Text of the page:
While it has primarily been impossible to guess telephone service providers’ airtime scratch cards 16-digits, get it right, and get yourself some free airtime, it has been the center of conspiracy theories and one of life’s greatest miseries.
How it is almost impossible to randomly guess just 16 digits, what security features they actually use and many more such questions have intrigued many users.
Scratch card usage is common nowadays. Statistics show that at least 1 in 3 Kenyans own a mobile phone, which could increase to 89% service coverage in less than 10 years.
Almost everyone has at one point wondered if they could just up and break the Safaricom scratch cards code one day and earn themselves some free airtime.
Is it even possible to crack or guess scratch card digits?
Based on an analysis of around 448 Safaricom scratch cards, software engineers noticed a trend that the 16-digits codes followed.
Safaricom recently extended the number of digits of its scratch cards from 12 to 16 to make them more secure, and increase the time and reduce the chances one would take to crack the code, if they even stand a chance, to begin with.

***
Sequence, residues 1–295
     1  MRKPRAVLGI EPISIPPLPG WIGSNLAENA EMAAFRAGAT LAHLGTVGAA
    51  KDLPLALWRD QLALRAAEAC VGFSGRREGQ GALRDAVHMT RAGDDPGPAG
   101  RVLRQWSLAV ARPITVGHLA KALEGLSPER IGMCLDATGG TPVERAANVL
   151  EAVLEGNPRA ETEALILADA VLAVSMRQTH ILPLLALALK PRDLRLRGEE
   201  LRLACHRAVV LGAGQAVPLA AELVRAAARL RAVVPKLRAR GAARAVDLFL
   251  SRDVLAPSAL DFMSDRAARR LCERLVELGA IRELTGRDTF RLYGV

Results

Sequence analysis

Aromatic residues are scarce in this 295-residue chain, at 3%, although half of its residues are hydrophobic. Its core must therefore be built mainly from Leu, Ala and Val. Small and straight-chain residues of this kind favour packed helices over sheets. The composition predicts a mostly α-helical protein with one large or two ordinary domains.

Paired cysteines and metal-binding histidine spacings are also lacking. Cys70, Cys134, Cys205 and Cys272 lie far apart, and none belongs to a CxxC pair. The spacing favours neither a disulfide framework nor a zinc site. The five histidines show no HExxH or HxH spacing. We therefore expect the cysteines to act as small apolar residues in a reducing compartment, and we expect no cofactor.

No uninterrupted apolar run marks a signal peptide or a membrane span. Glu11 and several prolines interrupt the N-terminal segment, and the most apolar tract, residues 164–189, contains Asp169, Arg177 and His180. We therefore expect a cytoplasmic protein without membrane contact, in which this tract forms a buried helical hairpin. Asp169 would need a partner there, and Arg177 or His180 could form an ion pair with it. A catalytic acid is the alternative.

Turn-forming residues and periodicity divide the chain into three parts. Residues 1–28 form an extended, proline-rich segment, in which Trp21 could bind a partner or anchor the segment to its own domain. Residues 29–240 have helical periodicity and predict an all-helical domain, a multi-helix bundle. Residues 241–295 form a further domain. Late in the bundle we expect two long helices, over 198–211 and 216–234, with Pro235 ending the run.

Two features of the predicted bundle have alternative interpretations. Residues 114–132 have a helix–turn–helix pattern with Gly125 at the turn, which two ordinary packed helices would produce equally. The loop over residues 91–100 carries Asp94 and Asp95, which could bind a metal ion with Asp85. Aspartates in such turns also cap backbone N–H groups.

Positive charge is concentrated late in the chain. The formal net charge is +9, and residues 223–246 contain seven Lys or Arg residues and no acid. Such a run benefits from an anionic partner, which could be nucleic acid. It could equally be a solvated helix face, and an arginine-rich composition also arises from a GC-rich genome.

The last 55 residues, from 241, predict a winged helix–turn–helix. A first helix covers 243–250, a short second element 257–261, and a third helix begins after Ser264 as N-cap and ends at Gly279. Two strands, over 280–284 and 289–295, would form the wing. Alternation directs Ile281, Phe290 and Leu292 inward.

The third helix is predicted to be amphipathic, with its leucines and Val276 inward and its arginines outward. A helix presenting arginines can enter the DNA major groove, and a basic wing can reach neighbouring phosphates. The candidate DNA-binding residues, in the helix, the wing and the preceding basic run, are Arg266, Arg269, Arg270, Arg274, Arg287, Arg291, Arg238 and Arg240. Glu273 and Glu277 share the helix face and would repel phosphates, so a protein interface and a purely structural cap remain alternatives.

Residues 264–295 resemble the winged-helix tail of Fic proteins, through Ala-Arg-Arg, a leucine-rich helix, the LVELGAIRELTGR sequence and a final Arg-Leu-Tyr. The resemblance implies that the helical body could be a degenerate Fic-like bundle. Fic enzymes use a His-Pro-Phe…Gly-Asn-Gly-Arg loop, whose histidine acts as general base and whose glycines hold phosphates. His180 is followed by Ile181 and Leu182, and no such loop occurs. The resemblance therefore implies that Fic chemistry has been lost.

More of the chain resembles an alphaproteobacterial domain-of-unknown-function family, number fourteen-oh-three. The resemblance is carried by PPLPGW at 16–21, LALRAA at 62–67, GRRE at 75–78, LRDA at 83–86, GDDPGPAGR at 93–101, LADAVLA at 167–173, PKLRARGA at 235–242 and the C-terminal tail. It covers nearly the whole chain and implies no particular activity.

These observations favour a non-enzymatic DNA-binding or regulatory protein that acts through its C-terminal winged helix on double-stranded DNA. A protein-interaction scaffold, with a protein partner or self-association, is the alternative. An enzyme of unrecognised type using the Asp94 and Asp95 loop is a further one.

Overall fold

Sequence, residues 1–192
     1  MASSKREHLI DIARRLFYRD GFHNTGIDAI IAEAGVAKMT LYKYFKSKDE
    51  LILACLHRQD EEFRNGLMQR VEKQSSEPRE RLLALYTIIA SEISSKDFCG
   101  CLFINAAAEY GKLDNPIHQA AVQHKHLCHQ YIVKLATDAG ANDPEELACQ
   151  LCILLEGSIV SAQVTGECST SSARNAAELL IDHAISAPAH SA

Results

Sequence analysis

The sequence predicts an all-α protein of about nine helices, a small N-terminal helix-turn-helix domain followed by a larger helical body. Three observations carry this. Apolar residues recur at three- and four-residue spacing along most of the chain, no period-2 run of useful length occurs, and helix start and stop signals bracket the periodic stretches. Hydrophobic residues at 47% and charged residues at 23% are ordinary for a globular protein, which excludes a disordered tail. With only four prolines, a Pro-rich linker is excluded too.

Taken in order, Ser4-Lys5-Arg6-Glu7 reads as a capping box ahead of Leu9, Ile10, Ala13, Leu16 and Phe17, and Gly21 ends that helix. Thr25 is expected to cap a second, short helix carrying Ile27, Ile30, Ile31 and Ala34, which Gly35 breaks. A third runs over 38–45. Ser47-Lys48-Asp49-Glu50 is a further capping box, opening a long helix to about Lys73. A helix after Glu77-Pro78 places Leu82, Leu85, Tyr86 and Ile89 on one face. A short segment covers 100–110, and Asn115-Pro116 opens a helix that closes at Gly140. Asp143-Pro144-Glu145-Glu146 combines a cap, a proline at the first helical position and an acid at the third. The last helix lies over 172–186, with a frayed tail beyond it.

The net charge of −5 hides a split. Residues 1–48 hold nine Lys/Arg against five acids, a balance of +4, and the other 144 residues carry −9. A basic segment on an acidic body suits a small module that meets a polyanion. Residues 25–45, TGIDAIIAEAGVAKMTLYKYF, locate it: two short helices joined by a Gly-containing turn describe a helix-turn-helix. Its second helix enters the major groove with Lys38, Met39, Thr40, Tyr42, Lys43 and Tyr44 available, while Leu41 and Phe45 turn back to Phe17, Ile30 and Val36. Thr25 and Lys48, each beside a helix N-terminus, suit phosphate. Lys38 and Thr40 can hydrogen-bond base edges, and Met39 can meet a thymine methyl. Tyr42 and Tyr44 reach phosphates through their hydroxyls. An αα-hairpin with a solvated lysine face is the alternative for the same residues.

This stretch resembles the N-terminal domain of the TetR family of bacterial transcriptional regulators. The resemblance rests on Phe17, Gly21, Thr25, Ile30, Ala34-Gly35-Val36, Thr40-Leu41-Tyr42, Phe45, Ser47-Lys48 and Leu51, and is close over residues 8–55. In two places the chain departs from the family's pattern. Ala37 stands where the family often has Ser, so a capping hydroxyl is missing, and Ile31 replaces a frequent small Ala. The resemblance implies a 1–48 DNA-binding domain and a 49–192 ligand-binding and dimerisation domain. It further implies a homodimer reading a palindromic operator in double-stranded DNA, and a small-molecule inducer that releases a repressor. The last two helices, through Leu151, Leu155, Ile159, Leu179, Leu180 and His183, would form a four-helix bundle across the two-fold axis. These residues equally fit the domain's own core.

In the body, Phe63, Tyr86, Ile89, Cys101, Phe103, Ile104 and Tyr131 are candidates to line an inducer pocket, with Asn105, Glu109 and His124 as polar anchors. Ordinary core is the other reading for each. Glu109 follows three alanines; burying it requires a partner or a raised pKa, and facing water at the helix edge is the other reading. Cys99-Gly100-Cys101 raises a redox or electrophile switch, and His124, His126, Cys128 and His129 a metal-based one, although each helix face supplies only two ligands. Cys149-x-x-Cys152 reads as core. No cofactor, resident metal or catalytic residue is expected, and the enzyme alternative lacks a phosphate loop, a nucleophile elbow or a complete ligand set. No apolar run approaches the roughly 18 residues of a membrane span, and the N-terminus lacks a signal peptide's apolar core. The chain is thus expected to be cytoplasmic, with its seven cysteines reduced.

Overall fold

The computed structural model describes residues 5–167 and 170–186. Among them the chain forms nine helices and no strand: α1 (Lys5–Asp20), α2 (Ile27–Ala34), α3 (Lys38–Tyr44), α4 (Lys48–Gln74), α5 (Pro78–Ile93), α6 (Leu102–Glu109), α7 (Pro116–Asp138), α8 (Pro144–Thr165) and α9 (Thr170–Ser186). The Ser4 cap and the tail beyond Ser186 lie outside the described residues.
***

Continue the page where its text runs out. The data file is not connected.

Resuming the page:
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The high number of mobile service users could mean huge losses for telcos should people be able to crack the code of security underlying scratch card technology.
This means strict safety measures are placed to protect the secret code. Anyone who tries to guess or crack this could be charged and fined.
How it works and why it can’t be guessed.
Each digit of the scratch cards has relevance to its position. It’s basically a data set with 16 variables, each holding the positional value of the digits in addition to a column that indicates the sum of the digits.
Mapping the total figures show the digits are actually randomly selected and placed. Within the digits is a pair that is linearly or otherwise dependent. There is a relationship between the 3rd and 6th digits that is based on a linear equation.
For example, if the 3rd number in the scratch card is greater than zero, then the 6th number is the 3rd number minus one. If the 3rd number is zero, then the 6th number would be 9.
This is just the coding trend for just the 3rd and 6th numbers, it is either very impossible to guess the coding trend for the rest 14 digits, or they are just yet to, by which time the security features will have necessitated the addition of the digits to even 18 or 20.
Conspiracy theorists suggest if actually one could crack the code, their phones would be blocked, they could be charged or it would only work for one lucky time and person.